Sergei Vish­nyakov, 55, has been the sole doc­tor in Itomlya since 1981, when he was as­signed there fresh out of med­i­cal school. Although the hospi­tal has an an­nual bud­get of about $25,000, which in­cludes his salary, Vish­nyakov has come to love his work. He knows all the fam­i­lies in Itomlya and sup­ple­ments his pay with home-grown pota­toes, pick­les and about 20 chick­ens.

The hospi­tal was set up in Soviet times to serve the huge col­lec­tive farm that in­cluded Itomlya and the sur­round­ing district. Work­ers grew flax here, but the farm has closed, the fields now full of saplings. Most of the men who haven’t taken up il­le­gal log­ging have drifted to Moscow in search of work.

Me­chan­i­cal ac­ci­dents used to be a ma­jor con­trib­u­tor to Vish­nyakov’s work­load. Now it’s al­co­holism and the in­fir­mi­ties of age.

“This hospi­tal is like a light in the dark­ness for us,” said Alexan­dra Tikhomirova, 72, who had been ad­mit­ted with dizzi­ness three days ear­lier and was stay­ing on in a cramped ward be­cause a re­cent snowfall had made it too hard for her to re­turn home.

“I can’t leave my pa­tients,” Vish­nyakov said. “I know all of them. They’re like my fam­ily.”

Aleshkovsky, 27, ar­rived lead­ing a group of vol­un­teers who brought a van­load of do­nated fur­ni­ture from Moscow.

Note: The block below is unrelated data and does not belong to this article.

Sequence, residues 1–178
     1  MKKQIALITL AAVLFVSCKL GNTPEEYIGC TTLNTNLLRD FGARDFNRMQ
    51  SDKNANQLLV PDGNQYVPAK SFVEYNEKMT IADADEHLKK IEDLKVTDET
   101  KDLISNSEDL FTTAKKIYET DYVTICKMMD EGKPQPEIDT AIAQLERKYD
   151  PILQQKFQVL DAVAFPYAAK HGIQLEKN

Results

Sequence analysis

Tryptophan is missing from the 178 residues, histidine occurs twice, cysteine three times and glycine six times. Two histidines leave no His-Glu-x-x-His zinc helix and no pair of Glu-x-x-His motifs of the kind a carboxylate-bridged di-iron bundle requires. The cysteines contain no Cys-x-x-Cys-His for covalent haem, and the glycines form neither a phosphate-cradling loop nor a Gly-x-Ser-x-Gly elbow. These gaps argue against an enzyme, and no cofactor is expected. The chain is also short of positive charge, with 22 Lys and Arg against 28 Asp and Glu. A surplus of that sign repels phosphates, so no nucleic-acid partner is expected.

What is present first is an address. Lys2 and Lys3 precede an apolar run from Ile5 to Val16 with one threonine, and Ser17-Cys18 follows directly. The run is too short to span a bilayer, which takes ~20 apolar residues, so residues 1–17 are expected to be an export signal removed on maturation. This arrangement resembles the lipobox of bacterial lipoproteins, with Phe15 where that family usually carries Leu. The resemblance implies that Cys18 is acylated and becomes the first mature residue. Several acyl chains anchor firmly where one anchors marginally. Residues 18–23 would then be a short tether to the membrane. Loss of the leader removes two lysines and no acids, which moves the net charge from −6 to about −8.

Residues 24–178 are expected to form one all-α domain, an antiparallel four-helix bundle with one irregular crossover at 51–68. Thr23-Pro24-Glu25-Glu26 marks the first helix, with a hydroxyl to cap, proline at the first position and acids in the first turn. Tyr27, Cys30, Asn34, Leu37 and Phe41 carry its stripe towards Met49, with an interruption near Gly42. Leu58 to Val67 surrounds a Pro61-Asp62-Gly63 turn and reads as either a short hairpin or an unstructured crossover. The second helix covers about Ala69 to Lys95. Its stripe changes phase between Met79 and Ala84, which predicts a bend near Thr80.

“Thank God we now have such young peo­ple in Rus­sia,” the doc­tor said. “I think they will be able to stir the so­ci­ety and make the au­thor­i­ties lis­ten to them.” A deep lack of trust

The au­thor­i­ties have been clear about their hos­til­ity to­ward vol­un­teer work. In 2010, af­ter deep cuts in the for­est ser­vice, vol­un­teers tried to help put out peat fires that sent chok­ing smoke through­out much of Euro­pean Rus­sia. Po­lice stopped them, some vol­un­teers re­ported on so­cial me­dia, de­mand­ing bribes to let them through.

A group called Liza Alert was or­ga­nized to con­duct vol­un­teer searches for miss­ing peo­ple when it be­came clear that the po­lice weren’t in­ter­ested in do­ing so. Af­ter more than a year of try­ing, the group’s lead­ers have won grudg­ing in­dif­fer­ence from the po­lice, and some­times co­op­er­a­tion, said Irina Voro­bieva, one of the or­ga­niz­ers, a change from the out­right in­ter­fer­ence they faced at first.

This month, in the town of Do- mode­dovo, just out­side Moscow, po­lice raided a group house for home­less peo­ple that had been set up by wor­shipers at St. Damian’s church in Moscow. “We’re not go­ing to have you in our com­mu­nity,” project leader Emil Sosin­sky said he was told by one of the of­fi­cers.